How did you get into music publishing?

My first job in the industry after earning my Music Degree was at Broadcast Music Inc (BMI) - one of the major U.S. performing rights societies in Film/TV relations. That is when music publishing became alive to me.

What concerns do you have in your market?

My main concerns are the decline of revenue for creators and publishers across all digital platforms and the protection of copyrights. If we are not able to protect our copyrights and receive fair and equitable payment for the use of those copyrights, we will not have a thriving music industry. Everyone will suffer then.

What’s a typical day like for you?

I start the day very early answering emails and having conference calls so that I can capture the European work day. We are a global business with clients worldwide and memberships in all the key performing/mechanical rights societies around the world. I then travel to the office to begin my day stateside. We have a briefing every morning with our key team members on project status for production, administration and any special projects. I attend outside meetings depending on the business needs of the day. I have a great team of professionals who are at the top of their class in what they specialise in. Outside my company activities, I participate in leadership roles with industry organisations such as the Association of Independent Music Publishers (AIMP), California Copyright Conference (CCC), National Music Publishers Association (NMPA) & Copyright Alliance in Washington DC – all of which definitely keeps me busy. I am also training again for another half Ironman race next season which helps to keep my mind and body in sync.

How is your relationship with your local collecting society?

We have three US Performing rights societies (ASCAP, BMI & SESAC) and a separate private mechanical rights agency (Harry Fox Agency). I have a strong working relationship with all of them. I am a publisher member of each and started my career at BMI so I am very active and supportive of our society representatives. Any potential legislation/or policy reviews of concern coming up in your market? Key concerns are the Songwriter’s Equity Act and the U.S Department of Justice (DOJ) review of ASCAP & BMI Consent Decrees. AIMP submitted position statements to the DOJ on behalf of our independent music publisher members. Also with the contemplated changes regarding the Copyright Office coming from the new US administration has everyone on edge. The AIMP has also honoured Congressman Doug Collins of Georgia for his work as our champion in Congress for the introduction of the Songwriter’s Equity Act. These items, among others, are critical for creators/music publishers to be paid fairly in a willing buyer willing seller market climate and for our societies to represent us fully for all music rights without being subjected to antiquated rules which have caused real harm to creators and music publishers.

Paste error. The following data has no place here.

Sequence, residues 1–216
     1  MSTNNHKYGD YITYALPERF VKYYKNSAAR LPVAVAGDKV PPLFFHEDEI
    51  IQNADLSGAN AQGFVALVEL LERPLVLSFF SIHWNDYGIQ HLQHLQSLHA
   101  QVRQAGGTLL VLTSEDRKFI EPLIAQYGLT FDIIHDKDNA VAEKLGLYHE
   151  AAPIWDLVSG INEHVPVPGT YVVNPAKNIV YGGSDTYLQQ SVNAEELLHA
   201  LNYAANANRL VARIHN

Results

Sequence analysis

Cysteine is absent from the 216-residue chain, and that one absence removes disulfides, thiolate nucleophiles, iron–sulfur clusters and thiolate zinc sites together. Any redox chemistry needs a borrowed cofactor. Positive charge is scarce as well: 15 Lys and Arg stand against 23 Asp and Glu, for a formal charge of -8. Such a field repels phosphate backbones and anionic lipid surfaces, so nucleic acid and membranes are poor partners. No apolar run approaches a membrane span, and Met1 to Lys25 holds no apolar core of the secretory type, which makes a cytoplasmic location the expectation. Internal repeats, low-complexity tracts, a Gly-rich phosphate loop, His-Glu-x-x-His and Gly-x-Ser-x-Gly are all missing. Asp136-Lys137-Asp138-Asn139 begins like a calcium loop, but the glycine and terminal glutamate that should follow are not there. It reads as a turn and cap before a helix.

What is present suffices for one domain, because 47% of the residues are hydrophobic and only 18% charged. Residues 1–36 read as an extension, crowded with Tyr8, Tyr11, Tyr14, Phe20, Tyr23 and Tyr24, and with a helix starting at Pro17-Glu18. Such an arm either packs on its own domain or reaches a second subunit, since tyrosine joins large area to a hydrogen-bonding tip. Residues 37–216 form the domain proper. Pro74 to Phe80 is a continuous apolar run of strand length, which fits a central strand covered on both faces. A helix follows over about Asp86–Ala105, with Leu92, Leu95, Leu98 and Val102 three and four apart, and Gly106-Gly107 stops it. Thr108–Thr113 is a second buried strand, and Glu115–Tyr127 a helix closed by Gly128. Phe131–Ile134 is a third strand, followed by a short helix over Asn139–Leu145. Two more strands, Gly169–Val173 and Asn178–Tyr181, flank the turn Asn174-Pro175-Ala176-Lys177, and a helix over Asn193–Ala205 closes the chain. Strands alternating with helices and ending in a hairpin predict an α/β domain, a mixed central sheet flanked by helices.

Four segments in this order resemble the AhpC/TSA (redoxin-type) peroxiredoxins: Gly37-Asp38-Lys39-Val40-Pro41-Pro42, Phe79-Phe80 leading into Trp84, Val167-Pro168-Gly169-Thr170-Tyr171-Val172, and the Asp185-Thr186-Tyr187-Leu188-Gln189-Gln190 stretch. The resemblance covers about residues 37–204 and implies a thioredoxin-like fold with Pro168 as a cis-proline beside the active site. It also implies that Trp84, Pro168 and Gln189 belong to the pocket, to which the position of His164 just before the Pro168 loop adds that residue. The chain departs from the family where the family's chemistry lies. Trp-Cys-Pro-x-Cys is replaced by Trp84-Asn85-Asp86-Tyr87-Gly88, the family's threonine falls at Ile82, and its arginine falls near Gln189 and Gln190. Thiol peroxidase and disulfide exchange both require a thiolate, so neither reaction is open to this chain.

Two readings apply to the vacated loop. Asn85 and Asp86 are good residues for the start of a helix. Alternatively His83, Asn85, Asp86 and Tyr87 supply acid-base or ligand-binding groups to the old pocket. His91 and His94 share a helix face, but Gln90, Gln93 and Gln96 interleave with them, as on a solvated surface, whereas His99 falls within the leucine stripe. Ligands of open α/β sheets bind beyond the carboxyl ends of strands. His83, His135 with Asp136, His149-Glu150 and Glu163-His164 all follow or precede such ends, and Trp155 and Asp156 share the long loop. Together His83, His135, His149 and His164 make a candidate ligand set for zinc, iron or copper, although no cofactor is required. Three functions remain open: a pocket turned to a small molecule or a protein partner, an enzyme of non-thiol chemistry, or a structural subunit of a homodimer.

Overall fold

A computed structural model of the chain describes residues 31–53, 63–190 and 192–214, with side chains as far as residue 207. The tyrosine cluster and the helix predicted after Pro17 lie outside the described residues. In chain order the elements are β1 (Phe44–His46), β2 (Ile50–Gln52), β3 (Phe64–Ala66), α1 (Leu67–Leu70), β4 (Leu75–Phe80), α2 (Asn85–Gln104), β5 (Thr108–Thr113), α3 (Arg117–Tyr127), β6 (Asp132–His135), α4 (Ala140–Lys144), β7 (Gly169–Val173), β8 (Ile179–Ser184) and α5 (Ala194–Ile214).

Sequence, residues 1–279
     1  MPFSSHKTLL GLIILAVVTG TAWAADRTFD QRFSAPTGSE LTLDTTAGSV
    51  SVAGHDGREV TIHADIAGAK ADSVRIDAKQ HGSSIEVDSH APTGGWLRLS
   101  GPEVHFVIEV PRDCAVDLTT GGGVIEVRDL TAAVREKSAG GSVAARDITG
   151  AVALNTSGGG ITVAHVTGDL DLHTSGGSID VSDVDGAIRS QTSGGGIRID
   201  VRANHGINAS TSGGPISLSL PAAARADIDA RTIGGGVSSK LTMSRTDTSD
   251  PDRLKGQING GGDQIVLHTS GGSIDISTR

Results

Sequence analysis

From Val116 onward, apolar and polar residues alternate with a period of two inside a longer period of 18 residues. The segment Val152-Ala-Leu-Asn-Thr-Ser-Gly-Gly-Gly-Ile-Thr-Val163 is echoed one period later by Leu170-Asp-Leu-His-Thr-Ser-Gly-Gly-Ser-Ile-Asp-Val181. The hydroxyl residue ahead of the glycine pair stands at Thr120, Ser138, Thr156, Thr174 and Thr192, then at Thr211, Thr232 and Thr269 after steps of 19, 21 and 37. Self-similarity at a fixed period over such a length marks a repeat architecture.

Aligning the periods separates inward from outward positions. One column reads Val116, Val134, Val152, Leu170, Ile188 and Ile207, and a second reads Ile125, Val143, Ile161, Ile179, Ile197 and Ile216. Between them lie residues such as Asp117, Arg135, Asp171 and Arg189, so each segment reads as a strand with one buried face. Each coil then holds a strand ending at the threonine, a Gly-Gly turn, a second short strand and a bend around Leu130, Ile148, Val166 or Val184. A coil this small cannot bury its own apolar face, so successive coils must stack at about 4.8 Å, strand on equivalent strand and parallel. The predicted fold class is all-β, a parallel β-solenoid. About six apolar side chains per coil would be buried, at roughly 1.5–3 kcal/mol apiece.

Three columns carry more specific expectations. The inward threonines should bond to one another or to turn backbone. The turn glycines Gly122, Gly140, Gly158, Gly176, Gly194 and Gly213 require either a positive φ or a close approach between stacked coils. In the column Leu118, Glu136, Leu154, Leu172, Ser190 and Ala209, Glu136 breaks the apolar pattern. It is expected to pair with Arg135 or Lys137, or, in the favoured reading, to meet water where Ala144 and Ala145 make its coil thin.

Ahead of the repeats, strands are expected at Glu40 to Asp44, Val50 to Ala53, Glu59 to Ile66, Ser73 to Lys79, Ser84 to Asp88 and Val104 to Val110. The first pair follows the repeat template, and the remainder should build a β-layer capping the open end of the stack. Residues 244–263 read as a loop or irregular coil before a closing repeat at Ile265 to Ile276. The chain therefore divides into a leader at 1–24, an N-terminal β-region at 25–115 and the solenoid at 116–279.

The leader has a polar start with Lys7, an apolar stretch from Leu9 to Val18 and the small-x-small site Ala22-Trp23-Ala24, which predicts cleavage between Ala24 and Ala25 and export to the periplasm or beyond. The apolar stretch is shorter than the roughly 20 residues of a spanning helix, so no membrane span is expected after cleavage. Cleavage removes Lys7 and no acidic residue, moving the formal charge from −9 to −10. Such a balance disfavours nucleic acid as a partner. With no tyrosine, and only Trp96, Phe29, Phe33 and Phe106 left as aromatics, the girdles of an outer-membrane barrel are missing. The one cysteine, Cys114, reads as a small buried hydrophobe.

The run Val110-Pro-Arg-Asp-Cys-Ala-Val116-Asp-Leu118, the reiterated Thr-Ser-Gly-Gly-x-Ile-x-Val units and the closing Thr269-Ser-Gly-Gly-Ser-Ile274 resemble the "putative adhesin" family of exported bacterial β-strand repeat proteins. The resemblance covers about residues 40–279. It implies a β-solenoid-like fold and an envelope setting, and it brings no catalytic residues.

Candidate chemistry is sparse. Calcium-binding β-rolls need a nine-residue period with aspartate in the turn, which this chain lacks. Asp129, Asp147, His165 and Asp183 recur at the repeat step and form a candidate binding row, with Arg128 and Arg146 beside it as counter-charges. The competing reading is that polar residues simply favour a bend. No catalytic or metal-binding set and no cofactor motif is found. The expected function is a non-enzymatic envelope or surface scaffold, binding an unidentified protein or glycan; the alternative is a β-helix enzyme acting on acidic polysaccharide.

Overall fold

How do you see your market evolving over the next ten years?

With everything being driven towards the digital marketplace, it seems that our market evolution is apparent. Streaming on demand, subscription models versus the personal ownership via the purchase of music and greater interactivity of user & music is all being perfected now in the creation of digital platform services. Perhaps we need to remember that just because digital platforms are created, this doesn’t mean they should exist at the peril of music copyrights.

What is your role in AIMP? I am the Vice President – I am responsible for assisting the President in running the organisation. I also represent the AIMP at industry events, meetings and CISAC working groups such as CIS-Net Rights Holders Access to name a few. My key areas of work on behalf of the AIMP have been advocacy including legislative issues and international music publishing issues/concerns.

What is the added strength of AIMP in US Market?

There are a large number of independent music publishers in the US and as a market share we can be far more effective if we band together and work towards common goals. The AIMP brings to the forefront issues and concerns of the independent Music Publisher. We interact quite effectively within the entire industry on behalf of our members. Educate, Advocate and Communicate are three key attributes in describing the importance and strength of the AIMP in the US Market.